Americans Oppose Ban to Internet Gambling
By staff
NEW YORK, April 29 /PRNewswire/ -- Fifty-five percent of Americans oppose government efforts to pass new laws that would prohibit Americans from gambling online, according to a nationwide survey released by the Interactive Gaming Council (IGC) today. However, 55 percent of Americans would welcome government efforts to legalize the operation of online casinos within the United States so that the industry can be regulated.

The national poll of 1,000 American adults conducted Jan. 17 to Jan. 29 found that nearly three-quarters of the respondents (72 percent) agree with the statement that gambling is a form of entertainment that, if done in moderation, is no better or no worse than other activities, such as attending sporting events or going to the movies. In addition, 60 percent of those surveyed are concerned that a government ban on Internet gambling will lead to further government restrictions on what a person can and cannot do on the Internet.

'This survey clearly indicates that the public supports a person's right to gamble on the Internet, and opposes further government efforts to dictate what people do in the privacy of their own homes on their personal computers,' said Sue Schneider of the IGC. 'While we welcome government efforts to legalize and regulate the online gaming industry, we strongly believe that Americans have the right to spend their free time as they see fit. Responsible adults who enjoy visiting Internet gambling sites should be allowed to do so without the fear of being branded criminals by the government.'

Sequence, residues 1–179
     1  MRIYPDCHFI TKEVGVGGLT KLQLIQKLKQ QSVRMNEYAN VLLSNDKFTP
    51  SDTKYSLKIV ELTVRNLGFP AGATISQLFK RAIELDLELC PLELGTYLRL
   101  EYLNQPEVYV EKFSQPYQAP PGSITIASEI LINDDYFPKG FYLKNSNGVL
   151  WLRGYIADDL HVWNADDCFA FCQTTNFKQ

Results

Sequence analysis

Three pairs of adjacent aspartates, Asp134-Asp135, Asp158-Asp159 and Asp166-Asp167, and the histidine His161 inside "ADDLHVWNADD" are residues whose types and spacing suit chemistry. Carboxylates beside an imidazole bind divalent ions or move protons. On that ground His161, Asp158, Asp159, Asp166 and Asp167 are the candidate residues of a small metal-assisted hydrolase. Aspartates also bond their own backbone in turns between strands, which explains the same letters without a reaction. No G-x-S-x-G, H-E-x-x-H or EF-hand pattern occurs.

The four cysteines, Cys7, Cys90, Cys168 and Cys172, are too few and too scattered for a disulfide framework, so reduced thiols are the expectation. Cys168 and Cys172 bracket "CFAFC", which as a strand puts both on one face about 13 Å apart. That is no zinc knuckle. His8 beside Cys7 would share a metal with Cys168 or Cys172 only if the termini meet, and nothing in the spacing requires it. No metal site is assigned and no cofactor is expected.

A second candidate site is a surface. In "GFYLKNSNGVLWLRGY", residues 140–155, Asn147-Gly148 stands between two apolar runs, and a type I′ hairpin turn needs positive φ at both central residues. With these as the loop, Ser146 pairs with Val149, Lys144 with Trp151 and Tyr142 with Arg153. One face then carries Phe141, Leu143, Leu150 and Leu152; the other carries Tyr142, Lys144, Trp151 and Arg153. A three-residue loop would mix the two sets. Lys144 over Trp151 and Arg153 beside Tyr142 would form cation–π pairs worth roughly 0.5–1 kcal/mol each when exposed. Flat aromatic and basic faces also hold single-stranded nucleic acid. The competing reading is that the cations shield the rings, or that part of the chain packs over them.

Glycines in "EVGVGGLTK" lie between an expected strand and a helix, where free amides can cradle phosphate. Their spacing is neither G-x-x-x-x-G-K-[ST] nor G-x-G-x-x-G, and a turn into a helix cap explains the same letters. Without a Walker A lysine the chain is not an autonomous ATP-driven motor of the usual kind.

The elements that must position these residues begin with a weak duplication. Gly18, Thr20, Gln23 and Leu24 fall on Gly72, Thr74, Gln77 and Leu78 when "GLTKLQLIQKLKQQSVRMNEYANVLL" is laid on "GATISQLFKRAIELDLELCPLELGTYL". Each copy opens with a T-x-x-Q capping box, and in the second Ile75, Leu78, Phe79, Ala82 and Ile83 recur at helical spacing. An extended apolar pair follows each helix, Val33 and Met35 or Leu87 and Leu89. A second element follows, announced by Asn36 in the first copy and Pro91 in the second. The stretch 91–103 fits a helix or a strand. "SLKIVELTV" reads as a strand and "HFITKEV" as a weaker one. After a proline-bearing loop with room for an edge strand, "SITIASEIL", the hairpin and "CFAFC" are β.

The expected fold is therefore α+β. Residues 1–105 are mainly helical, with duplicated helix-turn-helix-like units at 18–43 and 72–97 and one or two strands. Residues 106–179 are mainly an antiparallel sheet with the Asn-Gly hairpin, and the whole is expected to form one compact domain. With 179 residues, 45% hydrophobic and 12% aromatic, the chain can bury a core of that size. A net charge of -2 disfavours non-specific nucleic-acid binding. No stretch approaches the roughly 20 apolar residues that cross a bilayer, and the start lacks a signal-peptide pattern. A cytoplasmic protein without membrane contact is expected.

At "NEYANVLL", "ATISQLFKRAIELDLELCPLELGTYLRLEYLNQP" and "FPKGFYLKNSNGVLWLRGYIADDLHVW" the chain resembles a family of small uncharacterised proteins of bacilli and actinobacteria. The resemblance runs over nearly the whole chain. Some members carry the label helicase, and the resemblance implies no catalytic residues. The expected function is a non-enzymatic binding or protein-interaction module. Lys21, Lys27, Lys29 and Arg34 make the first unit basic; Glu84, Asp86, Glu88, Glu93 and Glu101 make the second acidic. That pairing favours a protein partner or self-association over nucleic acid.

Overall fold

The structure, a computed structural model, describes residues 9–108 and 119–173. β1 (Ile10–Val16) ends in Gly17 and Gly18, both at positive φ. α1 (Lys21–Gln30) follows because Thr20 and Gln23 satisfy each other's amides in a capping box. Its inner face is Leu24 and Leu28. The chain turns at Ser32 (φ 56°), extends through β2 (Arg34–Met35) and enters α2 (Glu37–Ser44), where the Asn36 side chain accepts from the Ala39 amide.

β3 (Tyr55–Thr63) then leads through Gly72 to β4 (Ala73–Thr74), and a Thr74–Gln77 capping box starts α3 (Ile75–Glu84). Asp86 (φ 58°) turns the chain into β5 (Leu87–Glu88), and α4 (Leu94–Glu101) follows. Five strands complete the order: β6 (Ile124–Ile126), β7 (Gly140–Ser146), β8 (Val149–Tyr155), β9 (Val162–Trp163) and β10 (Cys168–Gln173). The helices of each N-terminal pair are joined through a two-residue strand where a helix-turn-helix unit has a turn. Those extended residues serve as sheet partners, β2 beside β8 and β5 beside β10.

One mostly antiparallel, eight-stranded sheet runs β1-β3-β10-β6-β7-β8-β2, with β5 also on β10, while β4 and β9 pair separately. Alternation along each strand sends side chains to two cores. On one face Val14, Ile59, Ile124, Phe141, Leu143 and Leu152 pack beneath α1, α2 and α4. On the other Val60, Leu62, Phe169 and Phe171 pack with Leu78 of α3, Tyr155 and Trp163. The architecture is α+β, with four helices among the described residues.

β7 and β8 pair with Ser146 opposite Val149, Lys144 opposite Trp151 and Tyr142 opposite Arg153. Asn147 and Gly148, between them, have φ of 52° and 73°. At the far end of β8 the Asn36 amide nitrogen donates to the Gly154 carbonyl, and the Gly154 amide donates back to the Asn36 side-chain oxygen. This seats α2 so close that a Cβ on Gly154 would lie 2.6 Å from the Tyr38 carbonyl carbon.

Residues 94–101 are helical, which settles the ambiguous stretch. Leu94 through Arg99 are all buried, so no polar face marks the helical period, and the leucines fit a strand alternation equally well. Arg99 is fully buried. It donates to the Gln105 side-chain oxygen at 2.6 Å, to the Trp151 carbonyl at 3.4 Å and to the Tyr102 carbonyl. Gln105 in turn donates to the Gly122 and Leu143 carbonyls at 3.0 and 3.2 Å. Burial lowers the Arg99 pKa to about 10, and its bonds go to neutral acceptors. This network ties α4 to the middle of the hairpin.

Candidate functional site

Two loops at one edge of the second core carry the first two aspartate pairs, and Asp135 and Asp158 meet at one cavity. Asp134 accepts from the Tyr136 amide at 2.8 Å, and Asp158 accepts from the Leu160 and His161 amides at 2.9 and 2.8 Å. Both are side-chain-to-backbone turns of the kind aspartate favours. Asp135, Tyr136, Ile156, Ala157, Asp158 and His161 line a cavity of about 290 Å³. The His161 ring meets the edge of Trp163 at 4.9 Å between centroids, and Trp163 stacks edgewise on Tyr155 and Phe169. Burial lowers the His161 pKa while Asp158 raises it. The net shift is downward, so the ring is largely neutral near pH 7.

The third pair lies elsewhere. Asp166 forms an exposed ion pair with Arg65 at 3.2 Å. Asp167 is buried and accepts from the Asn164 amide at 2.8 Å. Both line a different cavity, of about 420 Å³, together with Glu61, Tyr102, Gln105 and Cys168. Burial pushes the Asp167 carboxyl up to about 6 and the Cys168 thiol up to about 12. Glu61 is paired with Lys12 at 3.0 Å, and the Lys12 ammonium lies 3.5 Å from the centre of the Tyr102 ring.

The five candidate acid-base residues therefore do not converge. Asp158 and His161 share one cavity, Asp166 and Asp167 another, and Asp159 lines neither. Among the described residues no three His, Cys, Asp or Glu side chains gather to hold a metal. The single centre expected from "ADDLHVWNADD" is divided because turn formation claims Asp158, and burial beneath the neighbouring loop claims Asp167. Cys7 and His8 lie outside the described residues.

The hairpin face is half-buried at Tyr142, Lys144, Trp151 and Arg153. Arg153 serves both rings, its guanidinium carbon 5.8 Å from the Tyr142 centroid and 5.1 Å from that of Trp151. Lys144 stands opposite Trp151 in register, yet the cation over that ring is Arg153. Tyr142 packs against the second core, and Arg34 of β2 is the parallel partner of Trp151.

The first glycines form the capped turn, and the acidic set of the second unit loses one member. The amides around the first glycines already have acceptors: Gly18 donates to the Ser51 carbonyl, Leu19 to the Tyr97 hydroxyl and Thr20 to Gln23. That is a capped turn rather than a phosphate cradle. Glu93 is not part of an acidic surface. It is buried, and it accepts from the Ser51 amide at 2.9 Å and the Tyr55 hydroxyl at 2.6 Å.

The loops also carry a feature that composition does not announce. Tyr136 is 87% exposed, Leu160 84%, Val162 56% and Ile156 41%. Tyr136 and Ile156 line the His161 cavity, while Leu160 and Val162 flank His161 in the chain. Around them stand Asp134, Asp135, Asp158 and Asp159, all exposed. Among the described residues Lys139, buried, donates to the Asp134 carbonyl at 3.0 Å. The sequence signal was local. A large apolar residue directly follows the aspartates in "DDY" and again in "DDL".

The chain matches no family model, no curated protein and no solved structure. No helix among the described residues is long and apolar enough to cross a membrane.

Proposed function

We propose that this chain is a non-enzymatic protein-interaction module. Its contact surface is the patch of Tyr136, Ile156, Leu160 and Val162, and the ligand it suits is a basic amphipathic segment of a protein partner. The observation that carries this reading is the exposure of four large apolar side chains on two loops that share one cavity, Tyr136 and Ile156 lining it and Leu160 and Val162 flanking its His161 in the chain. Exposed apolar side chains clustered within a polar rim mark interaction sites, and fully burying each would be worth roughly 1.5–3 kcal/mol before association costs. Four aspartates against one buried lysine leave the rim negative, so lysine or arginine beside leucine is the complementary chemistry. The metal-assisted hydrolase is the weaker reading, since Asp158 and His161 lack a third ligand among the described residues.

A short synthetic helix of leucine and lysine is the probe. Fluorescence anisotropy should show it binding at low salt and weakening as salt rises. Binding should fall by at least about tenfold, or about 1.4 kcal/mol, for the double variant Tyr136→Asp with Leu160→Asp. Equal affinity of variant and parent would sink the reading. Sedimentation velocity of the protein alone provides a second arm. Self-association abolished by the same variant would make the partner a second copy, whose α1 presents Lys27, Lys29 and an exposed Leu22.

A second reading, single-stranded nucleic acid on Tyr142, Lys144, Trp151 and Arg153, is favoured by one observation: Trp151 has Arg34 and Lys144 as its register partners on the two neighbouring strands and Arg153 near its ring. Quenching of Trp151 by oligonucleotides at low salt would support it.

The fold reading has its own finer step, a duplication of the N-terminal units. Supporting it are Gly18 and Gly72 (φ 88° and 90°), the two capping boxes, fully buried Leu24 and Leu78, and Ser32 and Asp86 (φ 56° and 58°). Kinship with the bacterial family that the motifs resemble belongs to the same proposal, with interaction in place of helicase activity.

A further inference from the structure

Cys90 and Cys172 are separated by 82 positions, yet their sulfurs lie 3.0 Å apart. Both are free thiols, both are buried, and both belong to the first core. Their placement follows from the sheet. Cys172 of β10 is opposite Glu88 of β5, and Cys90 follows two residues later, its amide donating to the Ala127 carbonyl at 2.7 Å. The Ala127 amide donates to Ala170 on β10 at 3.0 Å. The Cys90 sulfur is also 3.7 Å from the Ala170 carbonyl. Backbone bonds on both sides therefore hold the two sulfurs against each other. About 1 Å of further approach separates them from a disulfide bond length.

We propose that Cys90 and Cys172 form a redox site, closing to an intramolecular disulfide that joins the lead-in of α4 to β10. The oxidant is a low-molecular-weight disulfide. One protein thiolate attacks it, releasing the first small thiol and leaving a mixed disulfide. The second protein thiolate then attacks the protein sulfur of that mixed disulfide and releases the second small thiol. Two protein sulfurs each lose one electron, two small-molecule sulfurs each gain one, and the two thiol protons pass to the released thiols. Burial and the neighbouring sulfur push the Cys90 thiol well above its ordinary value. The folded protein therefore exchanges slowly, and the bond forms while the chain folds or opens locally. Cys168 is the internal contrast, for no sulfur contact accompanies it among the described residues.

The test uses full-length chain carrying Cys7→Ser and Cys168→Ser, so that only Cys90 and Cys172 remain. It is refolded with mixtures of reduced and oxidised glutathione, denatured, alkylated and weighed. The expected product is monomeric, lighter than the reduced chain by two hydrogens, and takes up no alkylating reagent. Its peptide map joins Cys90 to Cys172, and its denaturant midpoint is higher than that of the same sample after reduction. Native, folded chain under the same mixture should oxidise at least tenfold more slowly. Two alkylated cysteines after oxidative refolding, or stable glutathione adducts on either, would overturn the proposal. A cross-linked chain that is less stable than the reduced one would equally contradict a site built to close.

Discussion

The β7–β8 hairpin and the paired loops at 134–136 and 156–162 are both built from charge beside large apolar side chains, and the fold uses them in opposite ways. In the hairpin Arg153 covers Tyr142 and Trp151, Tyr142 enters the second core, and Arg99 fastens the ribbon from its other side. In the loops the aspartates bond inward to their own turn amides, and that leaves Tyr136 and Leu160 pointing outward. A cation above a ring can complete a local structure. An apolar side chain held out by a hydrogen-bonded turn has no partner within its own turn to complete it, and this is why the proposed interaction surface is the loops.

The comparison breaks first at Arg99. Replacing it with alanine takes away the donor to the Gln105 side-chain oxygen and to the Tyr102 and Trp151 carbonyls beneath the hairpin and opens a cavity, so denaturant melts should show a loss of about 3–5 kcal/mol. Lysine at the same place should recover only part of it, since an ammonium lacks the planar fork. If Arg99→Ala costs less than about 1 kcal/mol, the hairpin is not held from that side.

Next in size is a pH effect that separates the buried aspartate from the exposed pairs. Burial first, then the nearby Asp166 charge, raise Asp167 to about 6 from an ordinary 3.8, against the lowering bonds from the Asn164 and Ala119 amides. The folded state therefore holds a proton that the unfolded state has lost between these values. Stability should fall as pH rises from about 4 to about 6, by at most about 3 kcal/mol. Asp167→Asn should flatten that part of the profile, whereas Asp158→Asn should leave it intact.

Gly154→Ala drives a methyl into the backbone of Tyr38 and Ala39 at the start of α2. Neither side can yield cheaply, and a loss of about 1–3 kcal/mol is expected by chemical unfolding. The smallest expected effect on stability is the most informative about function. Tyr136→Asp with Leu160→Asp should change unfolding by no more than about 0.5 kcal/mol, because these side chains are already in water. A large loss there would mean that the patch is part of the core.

Americans clearly recognize some of the benefits of legalizing and regulating Internet gaming sites. Overall, 59 percent of those surveyed agree with the notion that legalized gambling provides necessary revenue to states for funding government programs and keeping taxes under control.

Rep. John Conyers (D-Mich.), the ranking member of the House Judiciary Committee and author of H.R. 1223, which calls for the creation of a Commission on Internet gambling licensing and regulation, said, 'Some Members of Congress believe they can somehow stop the millions of Americans who gamble online from visiting Internet sites by passing legislation to prevent the use of credit cards and other bank instruments to gamble the Internet. Just as outlawing alcohol did not work in the 1920's the current attempts to prohibit online gaming will not work either.'

One of the most important findings of the IGC's 2003 survey revealed that, when given the choice of (a) totally banning Internet gambling, (b) legalizing and regulating Internet gambling, or (c) leaving things as they are, only 28 percent of respondents support a total ban. Sixty-eight percent oppose a ban on Internet gambling, 34 percent favor the legalization and regulation of the industry, and 34 percent favor maintaining the status quo. Moreover, three-quarters of those surveyed say that it is hypocritical of the government to prevent people from gambling online while at the same time allowing people to purchase tickets for state lotteries online and to place Internet bets on horse races.

This survey, which has a margin of error of plus or minus 3.1 percentage points, was conducted by First International Resources, a New Jersey-based public opinion research firm, with the polling firm of TNS/Intersearch.

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